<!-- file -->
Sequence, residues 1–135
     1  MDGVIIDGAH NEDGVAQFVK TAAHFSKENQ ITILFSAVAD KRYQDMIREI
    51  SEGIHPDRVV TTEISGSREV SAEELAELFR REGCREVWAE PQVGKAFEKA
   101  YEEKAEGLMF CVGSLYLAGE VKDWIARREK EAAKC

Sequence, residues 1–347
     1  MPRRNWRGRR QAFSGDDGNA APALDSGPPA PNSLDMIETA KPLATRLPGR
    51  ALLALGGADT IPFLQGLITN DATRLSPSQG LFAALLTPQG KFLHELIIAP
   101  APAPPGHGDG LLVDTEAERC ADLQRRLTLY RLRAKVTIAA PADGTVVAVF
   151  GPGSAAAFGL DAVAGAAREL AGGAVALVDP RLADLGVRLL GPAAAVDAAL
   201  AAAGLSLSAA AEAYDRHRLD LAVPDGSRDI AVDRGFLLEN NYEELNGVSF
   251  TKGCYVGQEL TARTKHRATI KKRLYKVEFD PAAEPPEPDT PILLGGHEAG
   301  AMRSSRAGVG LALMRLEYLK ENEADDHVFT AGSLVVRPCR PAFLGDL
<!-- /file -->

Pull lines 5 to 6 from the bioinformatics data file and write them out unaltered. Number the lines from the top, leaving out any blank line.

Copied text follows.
Sequence, residues 1–347
     1  MPRRNWRGRR QAFSGDDGNA APALDSGPPA PNSLDMIETA KPLATRLPGR